Aladdin is a poor street urchin who spends his time stealing food from the marketplace in the city of Agrabah. His adventures begin when he meets a young girl who happens to be Princess Jasmine, who is forced to be married by her wacky yet estranged father. Aladdin's luck suddenly changes when he retrieves a magical lamp from the Cave of Wonders. What he unwittingly gets is a fun-loving genie who only wishes to have his freedom. Little do they know is that the Sultan's sinister advisor Jafar has his own plans for both Aladdin and the lamp.Written by
Bill Plympton turned down a seven-figure offer to work on this film, because any ideas and concepts he developed for his other projects while under contract with Disney would become their intellectual property. See more »
When Iago, disguised as a flamingo, calls out to Aladdin as Jasmine, he attracts the attention of a dopey-looking flamingo behind him. However, that flamingo was not there in the long shot of the garden that directly preceded the medium shot of the disguised Iago. See more »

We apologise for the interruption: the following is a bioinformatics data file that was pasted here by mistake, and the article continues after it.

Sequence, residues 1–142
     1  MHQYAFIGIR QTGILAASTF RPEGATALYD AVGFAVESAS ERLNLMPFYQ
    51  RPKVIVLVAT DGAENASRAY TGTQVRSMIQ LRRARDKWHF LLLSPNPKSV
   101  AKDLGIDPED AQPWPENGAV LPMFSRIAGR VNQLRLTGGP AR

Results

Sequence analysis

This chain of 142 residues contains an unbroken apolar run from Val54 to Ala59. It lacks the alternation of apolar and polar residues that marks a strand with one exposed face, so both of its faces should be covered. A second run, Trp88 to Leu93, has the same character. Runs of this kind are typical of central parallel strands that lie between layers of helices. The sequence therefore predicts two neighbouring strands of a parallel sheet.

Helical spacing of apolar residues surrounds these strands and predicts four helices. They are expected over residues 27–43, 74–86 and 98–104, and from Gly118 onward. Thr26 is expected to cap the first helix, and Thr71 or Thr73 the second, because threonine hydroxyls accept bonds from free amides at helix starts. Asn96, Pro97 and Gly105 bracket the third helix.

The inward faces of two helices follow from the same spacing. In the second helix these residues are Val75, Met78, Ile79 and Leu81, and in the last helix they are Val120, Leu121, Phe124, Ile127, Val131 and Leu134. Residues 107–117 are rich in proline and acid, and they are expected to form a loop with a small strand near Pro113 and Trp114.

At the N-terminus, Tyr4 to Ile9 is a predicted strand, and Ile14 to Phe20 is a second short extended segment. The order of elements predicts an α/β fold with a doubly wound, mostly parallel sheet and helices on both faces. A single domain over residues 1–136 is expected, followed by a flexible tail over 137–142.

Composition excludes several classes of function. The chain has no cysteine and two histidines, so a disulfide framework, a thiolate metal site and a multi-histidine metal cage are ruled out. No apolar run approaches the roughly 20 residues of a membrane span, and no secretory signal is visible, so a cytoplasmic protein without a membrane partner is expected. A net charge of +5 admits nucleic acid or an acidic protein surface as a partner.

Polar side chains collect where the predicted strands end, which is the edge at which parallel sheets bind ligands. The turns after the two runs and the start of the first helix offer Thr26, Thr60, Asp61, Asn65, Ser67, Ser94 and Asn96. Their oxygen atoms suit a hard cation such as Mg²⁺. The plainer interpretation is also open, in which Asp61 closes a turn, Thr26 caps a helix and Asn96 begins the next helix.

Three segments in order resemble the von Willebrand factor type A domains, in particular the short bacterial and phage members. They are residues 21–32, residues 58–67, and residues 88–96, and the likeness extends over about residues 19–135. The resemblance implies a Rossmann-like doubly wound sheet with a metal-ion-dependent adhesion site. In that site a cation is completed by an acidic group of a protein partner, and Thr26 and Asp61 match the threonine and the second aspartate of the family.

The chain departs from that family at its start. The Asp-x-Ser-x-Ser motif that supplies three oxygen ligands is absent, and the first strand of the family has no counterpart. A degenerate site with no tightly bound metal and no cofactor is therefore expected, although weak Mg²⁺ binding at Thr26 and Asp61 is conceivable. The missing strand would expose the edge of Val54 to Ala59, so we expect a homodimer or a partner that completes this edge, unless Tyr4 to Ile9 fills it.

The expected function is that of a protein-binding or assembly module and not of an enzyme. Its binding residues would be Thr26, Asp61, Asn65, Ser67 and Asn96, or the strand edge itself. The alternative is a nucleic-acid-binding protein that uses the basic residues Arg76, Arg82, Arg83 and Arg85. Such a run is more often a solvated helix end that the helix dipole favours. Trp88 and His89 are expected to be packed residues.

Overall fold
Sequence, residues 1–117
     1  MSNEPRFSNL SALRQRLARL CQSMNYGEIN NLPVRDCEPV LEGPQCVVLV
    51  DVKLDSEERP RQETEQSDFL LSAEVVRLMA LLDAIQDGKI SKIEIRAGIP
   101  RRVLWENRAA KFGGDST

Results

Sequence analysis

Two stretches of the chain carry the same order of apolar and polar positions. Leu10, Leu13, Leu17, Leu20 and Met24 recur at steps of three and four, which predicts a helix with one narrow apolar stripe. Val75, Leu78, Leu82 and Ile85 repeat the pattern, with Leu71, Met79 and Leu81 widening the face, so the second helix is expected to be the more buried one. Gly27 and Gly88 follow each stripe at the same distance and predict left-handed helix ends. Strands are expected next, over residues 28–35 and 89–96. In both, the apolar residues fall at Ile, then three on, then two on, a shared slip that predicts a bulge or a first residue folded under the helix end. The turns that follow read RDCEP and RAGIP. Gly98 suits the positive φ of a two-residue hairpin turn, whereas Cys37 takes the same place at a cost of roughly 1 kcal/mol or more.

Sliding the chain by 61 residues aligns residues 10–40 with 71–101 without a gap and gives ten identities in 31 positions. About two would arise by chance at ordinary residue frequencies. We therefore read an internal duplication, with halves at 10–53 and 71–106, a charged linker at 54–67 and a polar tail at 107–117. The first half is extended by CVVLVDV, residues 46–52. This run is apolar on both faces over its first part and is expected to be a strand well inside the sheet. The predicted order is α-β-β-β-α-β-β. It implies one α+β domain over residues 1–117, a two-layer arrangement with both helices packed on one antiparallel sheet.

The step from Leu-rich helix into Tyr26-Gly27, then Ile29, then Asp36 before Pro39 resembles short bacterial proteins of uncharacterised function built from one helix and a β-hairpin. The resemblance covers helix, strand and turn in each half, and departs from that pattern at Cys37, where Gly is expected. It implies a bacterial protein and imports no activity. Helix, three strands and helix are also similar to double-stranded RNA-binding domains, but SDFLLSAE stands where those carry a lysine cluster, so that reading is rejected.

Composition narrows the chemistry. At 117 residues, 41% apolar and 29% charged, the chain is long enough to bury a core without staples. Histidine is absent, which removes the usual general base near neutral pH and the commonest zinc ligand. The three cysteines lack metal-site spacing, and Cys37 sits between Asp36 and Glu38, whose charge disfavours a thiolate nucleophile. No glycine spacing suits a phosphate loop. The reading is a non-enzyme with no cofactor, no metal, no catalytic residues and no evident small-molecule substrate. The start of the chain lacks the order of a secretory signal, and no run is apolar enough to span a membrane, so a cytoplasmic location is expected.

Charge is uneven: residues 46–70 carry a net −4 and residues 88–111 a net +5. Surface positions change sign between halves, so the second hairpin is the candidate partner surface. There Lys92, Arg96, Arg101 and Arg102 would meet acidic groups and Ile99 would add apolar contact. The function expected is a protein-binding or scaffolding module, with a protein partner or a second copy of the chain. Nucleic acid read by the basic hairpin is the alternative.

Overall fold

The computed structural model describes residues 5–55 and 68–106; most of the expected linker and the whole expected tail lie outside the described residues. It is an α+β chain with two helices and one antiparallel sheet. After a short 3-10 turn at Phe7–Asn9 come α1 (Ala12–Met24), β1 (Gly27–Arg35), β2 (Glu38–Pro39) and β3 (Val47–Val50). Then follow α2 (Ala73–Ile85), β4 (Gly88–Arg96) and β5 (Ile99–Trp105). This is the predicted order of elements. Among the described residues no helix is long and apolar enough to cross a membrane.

[Jafar has used his magic to turn the Sultan into a living marionette and Iago is taking his revenge]
Puppet ruler want a cracker? Here! Here's your cracker! Shove 'em all the way down your throat! Here, have lots of crackers!
[Jasmine is chained and dressed as a slave girl]
[as Jafar chuckles maliciously]
Stop it! Jafar, leave him alone.
[Jafar motions Iago to stop. Iago hesitates, then gives one last shove]
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The cast section is left out in the end credits. The main voice cast's names are listed in the Character Animation section. See more »
In the 2004 Platinum Edition release and current releases, in addition to some graphical enhancements, the ending credits are sped up to contain restoration credits. After the End Title Duet "A Whole New World" (Aladdin's Theme) is over and the credits are finished, Genie has an extra goodbye line over the closing logo. See more »
This movie was the biggest film of '92, and it's easy to see why-a lotta fun, as a terrific Robin Williams performance carries it to heights it otherwise would not have gone to. Great animation, fine songs, a decent plot--what is there not to like? I will admit some of the Arab characters seemed to be stereotyped-but no more so than in Mulan or Tarzan or whatever; animation seems to stereotype Everything.
A great movie, ***1/2 outta ****, a fave then and now.
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